Moth Treatment Guide
Australia has thousands of varieties of moths, one being the Hercules moth the largest in the world which can have a wing span of 27 cm. The type of pest moth we deal with in Australia are the clothes moth and the pantry moth. There are two main species of clothes moth found in Australian homes — the webbing clothes moth and the case-making clothes moth.
Mature moths alone are not actually a problem as they do not eat, it is the larvae which causes much of the damage, eating clothing, carpets and spoiling foodstuffs.
Why are Moths a problem?
Clothes moths like to feed on natural fibres rather than synthetics so an expensive silk dress or shirt would be their perfect meal. They also like feeding on wool carpets and furniture in dark corners. They can cause a lot of damage that may not be noticed until furniture is moved.
The pantry moth or Indian Meal Moth is prevalent in Australia and as the name suggests you will find them in your pantry, they can often be brought into your home in grain products that may not have been sterilized properly. They cause food spoilage by laying larvae in webs in your food. These larvae feed on this food and emerge as moths.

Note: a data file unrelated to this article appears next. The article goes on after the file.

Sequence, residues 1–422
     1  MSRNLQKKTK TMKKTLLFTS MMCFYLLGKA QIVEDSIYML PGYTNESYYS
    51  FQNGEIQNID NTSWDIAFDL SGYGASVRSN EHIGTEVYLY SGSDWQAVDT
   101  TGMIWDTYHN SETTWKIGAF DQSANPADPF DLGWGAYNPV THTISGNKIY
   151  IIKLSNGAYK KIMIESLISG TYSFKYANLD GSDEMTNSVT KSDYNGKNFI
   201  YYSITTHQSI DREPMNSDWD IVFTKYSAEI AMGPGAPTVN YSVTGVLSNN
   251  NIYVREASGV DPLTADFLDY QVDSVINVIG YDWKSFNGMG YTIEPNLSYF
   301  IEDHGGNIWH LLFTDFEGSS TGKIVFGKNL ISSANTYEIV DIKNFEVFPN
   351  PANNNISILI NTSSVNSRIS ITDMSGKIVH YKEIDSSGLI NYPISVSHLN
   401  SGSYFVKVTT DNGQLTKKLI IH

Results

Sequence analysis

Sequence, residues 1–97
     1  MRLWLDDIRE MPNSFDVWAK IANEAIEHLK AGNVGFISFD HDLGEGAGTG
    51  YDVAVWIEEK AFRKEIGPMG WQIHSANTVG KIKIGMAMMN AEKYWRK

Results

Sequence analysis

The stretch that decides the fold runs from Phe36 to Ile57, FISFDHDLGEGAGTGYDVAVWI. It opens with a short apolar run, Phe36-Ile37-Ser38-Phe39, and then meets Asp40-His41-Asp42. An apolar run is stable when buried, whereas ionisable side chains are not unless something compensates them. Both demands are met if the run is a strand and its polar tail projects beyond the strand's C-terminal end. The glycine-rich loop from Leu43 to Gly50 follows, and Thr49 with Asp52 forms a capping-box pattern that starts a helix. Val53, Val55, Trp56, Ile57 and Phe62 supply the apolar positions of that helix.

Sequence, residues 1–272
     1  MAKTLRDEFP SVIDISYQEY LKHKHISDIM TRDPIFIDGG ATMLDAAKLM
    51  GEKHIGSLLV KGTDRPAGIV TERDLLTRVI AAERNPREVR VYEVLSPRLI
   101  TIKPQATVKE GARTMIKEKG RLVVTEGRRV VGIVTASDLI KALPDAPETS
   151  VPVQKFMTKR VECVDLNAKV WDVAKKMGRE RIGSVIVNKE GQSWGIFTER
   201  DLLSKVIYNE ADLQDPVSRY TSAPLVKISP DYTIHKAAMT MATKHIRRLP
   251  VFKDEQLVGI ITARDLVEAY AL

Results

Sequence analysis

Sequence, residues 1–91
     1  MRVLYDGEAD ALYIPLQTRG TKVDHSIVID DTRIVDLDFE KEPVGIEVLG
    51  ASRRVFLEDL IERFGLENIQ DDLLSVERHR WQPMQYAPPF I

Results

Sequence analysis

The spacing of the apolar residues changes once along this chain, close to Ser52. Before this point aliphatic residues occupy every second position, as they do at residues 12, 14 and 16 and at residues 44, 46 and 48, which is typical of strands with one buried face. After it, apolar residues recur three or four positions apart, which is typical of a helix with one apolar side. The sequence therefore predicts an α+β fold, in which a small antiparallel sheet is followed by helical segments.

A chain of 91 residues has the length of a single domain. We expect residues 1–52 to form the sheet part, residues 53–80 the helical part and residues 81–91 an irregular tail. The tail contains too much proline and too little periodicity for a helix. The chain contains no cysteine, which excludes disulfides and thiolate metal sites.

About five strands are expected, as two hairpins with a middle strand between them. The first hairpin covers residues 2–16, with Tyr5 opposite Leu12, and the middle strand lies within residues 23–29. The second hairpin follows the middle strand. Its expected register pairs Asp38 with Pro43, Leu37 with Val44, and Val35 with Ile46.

Learn how to get rid of moths with this simple guide.
Inspecting for Moths
To inspect for pantry moths check all cereal, dried fruit, pasta and grain for signs of webbing or clumping, use a torch to check dark corners. Detecting moth infestations are quite easy in the pantry as you will notice webbing in the corners of your pantry and also in stored food. You may also notice live larvae in your foodstuffs and may even find dead Moths.
To inspect for a clothes moth infestation, use a torch to check in dark corners and in the folds of clothes as the larvae do not like light. Check under collars to see if there are any silky nests. Shaking clothes over white paper may show evidence of old larvae. Obvious damage of carpets or clothing is also a sure sign.
- Use air tight containers to hold flour and grains
- Clean up spills in the pantry
- Clean pantry regularly
- If you suspect an item may have eggs in it freeze for up to 2 weeks to kill moth eggs
- If in carpet, vacuum carpet and expose to sunlight for a prolonged period of time (for example, if under furniture remove the furniture from the room and leave carpet exposed)
- Thoroughly clean out cupboard
- Wash all clothes before returning to cupboard
- If possible, freeze affected clothes for up to 2 weeks to ensure that moth eggs/larvae have been killed
How to Get Rid of Moths
Option 1. Mix 25gm of Coopex Residual Insecticide with 2.5L of water for initial treatment, apply to affected area of carpet, particularly around edges and under furniture.
- Residual control of up to 4 months
Option 2. Apply Sumiblast Crack and Crevice Residual Aerosol to infested storage shelves, drawers and wardrobes. Be sure to remove clothes before treatment.
- Residual control of up to 3 months
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